Sask. child exploitation investigator testifies at human trafficking trial in Philippines
Cpl. Jared Clarke is used to presenting evidence of online child exploitation crimes in large courthouses containing several rooms.
Last week, he testified for four hours in a tiny room on Leyte Island, Philippines.
The Saskatchewan Internet Child Exploitation (ICE) unit officer was a key witness at the trial of a Filipino woman charged with human trafficking, accused of live streaming the sexual abuse of her children for money.
The woman is on trial along with her husband, who was serendipitously arrested two days before Clarke testified. She was one of the main suspects in the Chicoine investigation, but she isn’t charged in direct relation to it: In the court’s eyes, the entire crime must be committed in the Philippines for the offence to have taken place, Clarke said.
However, local police were able to lay human trafficking charges after the woman offered her kids up for abuse during an undercover sting. Clarke said his job was to show the woman’s pattern of offending behaviour and explain why the investigation began.
The court process was unique but cumbersome, he said. Digital evidence was shown on a projector, but every photo and online conversation had to be printed out on paper in order to be accepted. Instead of taking place over several weeks, the trial — which Clarke said is the first of its kind in the region — will run sporadically over the next two months.
On May 31, 2018, Cpl. Jared Clarke from the Saskatchewan Internet Child Exploitation Unit, teamed up with the Philippines National Police in Leyte to put smiles on the faces of children living in a rescue shelter, and their support workers.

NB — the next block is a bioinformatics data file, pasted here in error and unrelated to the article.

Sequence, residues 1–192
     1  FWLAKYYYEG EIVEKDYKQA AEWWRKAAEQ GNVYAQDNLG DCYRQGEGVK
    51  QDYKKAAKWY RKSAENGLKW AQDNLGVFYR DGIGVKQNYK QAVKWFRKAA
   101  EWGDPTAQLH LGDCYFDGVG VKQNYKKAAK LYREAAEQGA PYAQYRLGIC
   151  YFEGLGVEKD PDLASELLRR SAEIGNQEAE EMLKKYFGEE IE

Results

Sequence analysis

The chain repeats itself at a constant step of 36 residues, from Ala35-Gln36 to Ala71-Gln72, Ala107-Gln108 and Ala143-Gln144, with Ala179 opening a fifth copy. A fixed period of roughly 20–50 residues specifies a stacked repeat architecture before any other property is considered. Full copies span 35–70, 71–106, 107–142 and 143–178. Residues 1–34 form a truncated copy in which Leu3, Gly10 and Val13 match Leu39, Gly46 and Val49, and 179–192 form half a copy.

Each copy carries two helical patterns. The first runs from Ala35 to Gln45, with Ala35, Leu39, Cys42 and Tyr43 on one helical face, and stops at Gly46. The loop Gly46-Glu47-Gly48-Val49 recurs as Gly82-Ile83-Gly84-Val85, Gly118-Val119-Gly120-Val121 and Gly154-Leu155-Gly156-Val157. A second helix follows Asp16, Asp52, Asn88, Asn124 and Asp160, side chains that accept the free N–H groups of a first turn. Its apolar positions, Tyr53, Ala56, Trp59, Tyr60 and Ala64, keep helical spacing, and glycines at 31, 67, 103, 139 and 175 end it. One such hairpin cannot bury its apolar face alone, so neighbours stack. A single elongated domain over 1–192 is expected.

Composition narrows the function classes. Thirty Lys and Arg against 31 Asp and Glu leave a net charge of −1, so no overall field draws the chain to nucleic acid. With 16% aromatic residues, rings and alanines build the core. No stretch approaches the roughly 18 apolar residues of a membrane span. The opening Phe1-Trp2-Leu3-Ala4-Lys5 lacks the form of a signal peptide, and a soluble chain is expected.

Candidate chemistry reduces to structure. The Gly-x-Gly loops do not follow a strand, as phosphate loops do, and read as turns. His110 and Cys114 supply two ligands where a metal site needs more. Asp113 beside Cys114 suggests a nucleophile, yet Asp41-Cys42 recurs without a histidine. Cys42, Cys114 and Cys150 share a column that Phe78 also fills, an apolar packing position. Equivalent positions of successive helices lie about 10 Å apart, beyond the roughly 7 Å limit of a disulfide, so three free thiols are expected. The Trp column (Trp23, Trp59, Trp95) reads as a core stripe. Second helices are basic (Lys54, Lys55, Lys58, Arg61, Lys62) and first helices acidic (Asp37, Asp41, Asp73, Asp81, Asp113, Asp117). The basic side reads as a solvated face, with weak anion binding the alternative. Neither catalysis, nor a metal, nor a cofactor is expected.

“Hopefully we get all the evidence in and the judge can make his best decision, but the main thing is all of the children that were being abused aren’t anymore,” he said.
Clarke said the highlight of his trip was getting to visit those nine children, who are living at a rescue shelter. Shy at first, the kids lit up at the mention of a beloved local fast food restaurant, he said. He and another officer brought the kids their favourite treats the next day.
“(It) brings some closure to the case. Obviously it’s not finished in court, but a very rare and rewarding experience just seeing the good that’s been done from this work,” he said.
“It was a nice reminder of why we do what we do.”
Clarke said local police were impressed and appreciative that the ICE unit funded his trip. In this case, the host country lacked the resources to do so.
It sends an important message that people who collude with foreigners to commit online child sex crimes are held accountable, he added.
The mandatory sentence for someone convicted of human trafficking in the Philippines is life imprisonment.